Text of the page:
Out on My Own in Cairo


When I first began visiting in Egypt in 2014, I never went anywhere unless it was with my husband. Even if I wanted to, I didn’t know any Arabic, and I had no clue how things work in Egypt realistically. It would’ve been impossible.

The more I learned about Egyptian transportation protocols over the ensuing years, the more intimidating it became. It’s complex, disorganized, and confusing on its own. But that wasn’t the only factor. I was married to a highly conservative, traditional Arab man, and that meant never traveling anywhere alone for the sake of principle and honor. The two factors created in me a monster of fear that I could never move independently in Egypt. Even if I had the know-how, I was at risk for being seen and treated as a dishonorable woman if I adopted such a lifestyle. And nothing has been more important for me than being clearly known as a chaste, virtuous woman. That’s been true since I was a teenager.

Anyway, things had to shift somewhat after I moved here permanently last spring. I still, for the most part, never traveled alone. But when my children arrived for last summer’s visit, my ex allowed me to go with them in Uber to places that were roughly around 10-15 minutes away.  But they definitely had to be with me. One time, after my daughter left and my son had started school here, he missed the bus. I took him in an Uber to drop him at school, but naturally had to ride home alone. My ex was out of town so he couldn’t have gone with me. I got in trouble for that. So the parameters were always burning their presence into my mind.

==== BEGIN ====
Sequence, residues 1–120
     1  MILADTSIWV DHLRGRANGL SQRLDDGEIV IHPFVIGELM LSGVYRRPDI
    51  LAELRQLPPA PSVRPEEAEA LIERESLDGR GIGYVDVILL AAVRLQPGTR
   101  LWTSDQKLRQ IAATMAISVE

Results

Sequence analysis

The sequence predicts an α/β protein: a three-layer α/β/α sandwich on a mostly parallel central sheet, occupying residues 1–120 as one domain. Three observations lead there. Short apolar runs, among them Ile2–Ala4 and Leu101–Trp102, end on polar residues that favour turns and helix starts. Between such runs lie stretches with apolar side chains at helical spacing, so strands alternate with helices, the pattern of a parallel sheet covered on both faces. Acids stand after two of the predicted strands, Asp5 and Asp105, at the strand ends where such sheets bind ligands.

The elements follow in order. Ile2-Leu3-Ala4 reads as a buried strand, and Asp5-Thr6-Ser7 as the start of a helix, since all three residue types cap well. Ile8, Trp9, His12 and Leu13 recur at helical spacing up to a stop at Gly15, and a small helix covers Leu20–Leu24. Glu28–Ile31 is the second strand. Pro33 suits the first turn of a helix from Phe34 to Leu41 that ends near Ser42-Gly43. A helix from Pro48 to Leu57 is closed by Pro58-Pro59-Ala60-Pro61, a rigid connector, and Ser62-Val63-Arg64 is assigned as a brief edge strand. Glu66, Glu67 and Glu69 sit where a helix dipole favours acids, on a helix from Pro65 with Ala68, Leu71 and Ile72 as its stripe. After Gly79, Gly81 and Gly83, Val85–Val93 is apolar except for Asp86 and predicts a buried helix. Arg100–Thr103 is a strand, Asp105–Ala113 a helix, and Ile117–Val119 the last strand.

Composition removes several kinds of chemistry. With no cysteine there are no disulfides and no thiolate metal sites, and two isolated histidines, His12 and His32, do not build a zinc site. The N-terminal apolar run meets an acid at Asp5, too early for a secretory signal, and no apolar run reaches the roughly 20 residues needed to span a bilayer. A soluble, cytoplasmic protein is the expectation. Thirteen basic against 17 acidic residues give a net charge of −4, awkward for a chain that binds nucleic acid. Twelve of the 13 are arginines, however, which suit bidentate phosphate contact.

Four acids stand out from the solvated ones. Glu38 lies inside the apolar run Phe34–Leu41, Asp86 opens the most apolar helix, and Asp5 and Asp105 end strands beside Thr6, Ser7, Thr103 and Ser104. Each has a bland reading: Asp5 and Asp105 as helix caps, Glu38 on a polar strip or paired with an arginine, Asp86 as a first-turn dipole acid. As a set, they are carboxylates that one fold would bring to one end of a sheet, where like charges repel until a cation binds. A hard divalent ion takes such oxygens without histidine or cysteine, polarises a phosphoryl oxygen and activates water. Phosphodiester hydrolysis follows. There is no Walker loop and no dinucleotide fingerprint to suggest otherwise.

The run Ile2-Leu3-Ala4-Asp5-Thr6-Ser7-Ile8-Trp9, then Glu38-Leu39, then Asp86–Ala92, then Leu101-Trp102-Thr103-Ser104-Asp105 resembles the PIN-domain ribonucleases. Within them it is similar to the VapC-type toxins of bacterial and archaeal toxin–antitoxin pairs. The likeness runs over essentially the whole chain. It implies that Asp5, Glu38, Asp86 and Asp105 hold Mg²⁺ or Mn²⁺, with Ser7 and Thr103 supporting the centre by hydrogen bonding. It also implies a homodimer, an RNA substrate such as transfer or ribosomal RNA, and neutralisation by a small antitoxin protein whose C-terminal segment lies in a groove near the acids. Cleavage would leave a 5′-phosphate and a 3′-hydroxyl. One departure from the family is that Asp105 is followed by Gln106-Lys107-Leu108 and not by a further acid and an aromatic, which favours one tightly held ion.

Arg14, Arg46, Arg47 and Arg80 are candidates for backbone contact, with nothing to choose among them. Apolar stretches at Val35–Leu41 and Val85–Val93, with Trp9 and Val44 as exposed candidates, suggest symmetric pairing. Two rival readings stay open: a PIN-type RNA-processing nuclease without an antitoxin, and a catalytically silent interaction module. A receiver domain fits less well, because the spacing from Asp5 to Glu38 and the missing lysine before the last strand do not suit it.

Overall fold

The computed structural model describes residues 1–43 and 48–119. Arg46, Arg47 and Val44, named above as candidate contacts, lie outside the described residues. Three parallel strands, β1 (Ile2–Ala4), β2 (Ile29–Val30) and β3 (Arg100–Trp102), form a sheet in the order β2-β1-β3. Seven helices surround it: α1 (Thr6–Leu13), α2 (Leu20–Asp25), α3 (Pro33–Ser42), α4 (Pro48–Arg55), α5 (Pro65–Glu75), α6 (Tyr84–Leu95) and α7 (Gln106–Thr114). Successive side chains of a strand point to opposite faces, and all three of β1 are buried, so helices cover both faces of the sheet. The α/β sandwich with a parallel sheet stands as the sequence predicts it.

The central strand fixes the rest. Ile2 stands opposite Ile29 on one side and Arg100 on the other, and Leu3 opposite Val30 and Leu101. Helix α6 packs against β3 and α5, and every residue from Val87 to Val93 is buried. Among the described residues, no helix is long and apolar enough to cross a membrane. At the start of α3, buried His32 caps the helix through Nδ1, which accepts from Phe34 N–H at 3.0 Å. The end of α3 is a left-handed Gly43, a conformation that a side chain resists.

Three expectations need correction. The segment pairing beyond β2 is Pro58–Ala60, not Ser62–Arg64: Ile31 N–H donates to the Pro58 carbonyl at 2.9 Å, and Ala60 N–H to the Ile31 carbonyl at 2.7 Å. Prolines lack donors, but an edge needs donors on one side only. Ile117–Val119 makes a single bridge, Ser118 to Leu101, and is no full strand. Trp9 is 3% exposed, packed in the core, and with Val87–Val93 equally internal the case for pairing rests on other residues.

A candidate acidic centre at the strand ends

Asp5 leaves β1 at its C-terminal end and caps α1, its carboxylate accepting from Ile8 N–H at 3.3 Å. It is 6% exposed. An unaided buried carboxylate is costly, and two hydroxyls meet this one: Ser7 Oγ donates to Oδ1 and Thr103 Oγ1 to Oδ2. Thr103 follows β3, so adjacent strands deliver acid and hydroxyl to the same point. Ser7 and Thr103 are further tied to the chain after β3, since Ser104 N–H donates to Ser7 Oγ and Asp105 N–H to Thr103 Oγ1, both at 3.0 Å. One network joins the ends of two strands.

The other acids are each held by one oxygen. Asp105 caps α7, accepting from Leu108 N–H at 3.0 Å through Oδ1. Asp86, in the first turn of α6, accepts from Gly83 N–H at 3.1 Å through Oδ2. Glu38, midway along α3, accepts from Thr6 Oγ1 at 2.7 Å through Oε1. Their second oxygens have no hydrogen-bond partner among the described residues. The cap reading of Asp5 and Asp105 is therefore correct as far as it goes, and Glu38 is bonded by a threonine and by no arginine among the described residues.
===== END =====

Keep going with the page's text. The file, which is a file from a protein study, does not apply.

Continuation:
After I split up with my ex earlier this year, I was working a job that was 45 mins from home. By then, my 16 year old had arrived. Every day he would accompany me to work in Uber, sit around at cafes in the neighborhood until I got off, and we would ride home together. His sole purpose was to be my mahram escort. I was not married during those months, but I was so keen to keep my dignity and honor clear to everyone. So I stuck to what I had been doing and knew.

Eventually I met another man for a brief period. He lived on the other side of Cairo in Madinat Nasr. During Ramadan we met often for iftar or even suhoor. Many times he would travel to October to see me, but other times I traveled to him (again, in Uber, because I didn’t have a clue about anything else). Eventually my son, being a typical teenager, balked at having to be the third wheel all the time. By this time my daughter was here again, so I took her with me the majority of the time. But sometimes I just wanted to be out on my own. So on a few occasions I actually left my kids home and ventured out in Uber by myself, even during the late nights of Ramadan.